Works from 1983
Basquiat reached full maturity as an artist in about 1983, when he was twenty-two years old. Encouraged by success and optimistic about his life, he made paintings that year that are among the strongest and most complex of any in the twentieth century. This was also the year he was included in the Whitney Biennial, a prestigious exhibition of contemporary art. His girlfriend at the time, Paige Powell, introduced him to her boss, Andy Warhol, who soon became Basquiat's closest friend.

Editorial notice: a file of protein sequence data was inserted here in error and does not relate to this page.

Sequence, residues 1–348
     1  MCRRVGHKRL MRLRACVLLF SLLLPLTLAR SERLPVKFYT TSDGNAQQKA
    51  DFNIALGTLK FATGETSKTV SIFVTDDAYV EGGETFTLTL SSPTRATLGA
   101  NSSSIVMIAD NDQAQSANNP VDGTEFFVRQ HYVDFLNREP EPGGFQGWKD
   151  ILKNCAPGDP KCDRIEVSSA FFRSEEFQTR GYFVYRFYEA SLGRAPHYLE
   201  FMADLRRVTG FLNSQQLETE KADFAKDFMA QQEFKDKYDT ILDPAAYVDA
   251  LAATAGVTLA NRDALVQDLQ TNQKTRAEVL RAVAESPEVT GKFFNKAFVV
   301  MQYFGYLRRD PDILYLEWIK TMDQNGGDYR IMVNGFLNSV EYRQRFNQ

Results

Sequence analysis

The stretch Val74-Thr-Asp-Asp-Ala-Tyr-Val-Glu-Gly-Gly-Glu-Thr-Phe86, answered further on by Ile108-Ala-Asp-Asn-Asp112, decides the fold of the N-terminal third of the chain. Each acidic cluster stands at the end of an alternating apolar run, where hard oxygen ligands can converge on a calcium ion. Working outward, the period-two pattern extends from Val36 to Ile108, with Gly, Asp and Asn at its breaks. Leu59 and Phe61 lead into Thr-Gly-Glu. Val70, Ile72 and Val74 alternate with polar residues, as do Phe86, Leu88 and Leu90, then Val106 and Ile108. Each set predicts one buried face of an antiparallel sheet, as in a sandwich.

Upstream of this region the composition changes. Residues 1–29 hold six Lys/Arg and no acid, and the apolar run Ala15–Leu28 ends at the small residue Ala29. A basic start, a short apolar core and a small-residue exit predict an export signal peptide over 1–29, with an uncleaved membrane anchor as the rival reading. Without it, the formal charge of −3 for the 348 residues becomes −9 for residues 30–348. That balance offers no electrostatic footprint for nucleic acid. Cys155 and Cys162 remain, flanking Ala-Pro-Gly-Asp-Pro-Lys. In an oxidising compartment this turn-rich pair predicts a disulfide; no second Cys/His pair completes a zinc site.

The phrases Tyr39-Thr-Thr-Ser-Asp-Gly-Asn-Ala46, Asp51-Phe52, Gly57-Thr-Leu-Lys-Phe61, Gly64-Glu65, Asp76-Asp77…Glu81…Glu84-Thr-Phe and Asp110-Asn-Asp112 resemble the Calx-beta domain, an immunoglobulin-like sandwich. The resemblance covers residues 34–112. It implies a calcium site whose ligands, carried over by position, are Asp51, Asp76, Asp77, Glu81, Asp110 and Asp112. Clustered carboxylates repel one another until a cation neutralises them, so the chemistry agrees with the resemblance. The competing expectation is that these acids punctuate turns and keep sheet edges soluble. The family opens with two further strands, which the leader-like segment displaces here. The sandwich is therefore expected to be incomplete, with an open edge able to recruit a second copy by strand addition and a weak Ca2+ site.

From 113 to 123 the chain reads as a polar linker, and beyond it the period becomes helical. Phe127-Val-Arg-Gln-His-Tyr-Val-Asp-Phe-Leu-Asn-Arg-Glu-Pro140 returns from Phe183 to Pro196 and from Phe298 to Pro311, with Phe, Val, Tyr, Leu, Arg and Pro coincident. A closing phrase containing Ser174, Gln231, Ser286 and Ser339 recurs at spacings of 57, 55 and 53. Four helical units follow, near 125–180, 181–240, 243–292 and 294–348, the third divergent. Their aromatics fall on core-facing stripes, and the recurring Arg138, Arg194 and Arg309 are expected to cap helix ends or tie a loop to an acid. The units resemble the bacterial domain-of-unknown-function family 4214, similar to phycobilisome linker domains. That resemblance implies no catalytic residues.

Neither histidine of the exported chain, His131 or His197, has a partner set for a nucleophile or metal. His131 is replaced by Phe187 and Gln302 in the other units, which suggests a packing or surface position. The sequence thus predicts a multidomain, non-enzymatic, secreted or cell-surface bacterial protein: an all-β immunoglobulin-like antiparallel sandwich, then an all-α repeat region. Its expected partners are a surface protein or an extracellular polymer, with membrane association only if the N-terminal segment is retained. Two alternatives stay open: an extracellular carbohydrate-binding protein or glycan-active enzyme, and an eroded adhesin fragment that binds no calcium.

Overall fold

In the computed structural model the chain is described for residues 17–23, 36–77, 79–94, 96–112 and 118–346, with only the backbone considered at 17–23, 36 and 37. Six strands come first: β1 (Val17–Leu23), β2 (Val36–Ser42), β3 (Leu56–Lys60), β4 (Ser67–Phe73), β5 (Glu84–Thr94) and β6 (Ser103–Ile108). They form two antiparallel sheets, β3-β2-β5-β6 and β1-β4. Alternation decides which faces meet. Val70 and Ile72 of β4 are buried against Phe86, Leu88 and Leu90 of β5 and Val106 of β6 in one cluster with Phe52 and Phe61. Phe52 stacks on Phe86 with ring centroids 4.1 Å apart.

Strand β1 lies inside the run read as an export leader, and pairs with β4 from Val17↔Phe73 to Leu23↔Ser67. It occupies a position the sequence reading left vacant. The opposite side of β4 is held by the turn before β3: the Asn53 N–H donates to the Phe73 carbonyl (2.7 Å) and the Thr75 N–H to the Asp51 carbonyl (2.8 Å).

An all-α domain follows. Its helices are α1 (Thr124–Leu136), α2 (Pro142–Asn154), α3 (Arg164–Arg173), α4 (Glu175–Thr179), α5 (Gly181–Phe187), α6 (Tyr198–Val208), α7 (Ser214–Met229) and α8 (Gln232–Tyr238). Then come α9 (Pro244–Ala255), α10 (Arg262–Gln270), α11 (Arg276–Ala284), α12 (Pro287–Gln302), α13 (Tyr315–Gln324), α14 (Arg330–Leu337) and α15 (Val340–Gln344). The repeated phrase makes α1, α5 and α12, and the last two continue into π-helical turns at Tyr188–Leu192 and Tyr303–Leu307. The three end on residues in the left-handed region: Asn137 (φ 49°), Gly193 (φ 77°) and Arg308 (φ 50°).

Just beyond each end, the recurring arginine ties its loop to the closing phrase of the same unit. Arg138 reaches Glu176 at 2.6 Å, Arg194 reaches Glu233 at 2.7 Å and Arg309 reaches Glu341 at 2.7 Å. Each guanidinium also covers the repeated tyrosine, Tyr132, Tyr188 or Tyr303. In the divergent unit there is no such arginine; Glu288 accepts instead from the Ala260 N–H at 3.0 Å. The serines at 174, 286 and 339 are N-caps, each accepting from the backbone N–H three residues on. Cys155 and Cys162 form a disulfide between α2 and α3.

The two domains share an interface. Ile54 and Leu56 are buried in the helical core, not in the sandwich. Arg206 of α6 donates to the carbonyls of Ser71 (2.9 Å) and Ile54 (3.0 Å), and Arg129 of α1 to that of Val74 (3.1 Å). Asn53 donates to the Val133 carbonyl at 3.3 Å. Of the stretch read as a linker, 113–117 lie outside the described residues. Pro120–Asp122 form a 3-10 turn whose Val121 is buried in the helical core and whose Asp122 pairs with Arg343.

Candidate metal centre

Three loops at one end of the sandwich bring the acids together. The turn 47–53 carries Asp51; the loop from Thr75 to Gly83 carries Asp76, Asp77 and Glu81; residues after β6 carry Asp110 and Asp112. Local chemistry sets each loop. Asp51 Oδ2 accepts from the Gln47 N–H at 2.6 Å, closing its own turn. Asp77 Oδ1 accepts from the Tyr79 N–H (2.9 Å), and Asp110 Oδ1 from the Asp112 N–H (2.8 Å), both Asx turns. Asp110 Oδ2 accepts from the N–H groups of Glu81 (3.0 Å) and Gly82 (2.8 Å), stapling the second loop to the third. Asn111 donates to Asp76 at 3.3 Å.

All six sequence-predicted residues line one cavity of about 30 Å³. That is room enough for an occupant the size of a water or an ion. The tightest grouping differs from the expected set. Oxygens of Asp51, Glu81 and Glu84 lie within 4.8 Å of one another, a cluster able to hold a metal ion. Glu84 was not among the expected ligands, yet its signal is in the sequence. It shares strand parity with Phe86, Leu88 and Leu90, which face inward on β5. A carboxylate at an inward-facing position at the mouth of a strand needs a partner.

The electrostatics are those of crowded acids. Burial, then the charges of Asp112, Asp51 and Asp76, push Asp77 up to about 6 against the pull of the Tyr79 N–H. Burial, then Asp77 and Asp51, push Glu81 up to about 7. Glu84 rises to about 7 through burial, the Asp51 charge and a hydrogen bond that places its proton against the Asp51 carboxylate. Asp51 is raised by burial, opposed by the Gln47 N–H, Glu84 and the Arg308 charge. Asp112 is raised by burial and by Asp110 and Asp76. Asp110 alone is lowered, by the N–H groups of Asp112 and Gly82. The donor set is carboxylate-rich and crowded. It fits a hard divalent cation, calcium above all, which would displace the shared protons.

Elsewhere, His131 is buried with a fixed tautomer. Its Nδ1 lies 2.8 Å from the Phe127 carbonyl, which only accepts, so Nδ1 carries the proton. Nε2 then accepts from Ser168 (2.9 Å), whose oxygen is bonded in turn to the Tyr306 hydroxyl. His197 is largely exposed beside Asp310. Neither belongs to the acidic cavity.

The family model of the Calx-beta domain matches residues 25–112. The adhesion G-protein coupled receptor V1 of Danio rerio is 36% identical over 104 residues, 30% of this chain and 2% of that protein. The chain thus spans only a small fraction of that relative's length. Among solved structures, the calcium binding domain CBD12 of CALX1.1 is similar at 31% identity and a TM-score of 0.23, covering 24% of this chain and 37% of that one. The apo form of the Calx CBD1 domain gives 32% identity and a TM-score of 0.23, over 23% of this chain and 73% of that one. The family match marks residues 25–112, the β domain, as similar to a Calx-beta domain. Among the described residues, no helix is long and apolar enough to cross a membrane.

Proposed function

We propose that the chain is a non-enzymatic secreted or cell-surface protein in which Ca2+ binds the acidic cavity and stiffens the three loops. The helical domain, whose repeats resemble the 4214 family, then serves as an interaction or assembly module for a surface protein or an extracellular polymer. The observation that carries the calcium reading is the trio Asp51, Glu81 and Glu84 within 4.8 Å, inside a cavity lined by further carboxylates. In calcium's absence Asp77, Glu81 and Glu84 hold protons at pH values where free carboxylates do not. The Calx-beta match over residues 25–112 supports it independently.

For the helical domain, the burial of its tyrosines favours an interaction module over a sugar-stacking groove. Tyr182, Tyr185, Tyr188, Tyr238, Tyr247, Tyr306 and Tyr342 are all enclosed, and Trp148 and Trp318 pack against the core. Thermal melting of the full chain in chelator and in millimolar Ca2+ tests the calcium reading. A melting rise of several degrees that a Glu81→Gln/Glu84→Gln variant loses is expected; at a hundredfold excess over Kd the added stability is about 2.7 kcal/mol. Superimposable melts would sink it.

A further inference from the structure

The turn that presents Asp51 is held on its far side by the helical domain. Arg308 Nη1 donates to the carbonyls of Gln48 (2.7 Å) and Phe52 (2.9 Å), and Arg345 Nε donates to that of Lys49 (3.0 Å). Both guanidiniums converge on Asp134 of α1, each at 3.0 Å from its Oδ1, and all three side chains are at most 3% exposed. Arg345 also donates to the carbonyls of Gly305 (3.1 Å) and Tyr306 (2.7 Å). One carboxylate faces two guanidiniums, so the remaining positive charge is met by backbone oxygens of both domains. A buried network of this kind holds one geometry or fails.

It was also in 1983 that a young, black graffiti artist named Michael Stewart died in suspicious circumstances while in police custody. Having once practiced graffiti himself, Basquiat realized that he could have suffered the same fate. Like many New Yorkers, he was deeply affected by the incident. Subsequently, his work began to explore themes drawn from the African Diaspora more fully, specifically the African experience in America.
An interviewer asked Basquiat in 1983 if there was anger in his work. "It's about 80% anger," he replied. The interviewer continued, "But there's also humor." To which Basquiat answered, "People laugh when you fall on your ass. What's humor?"
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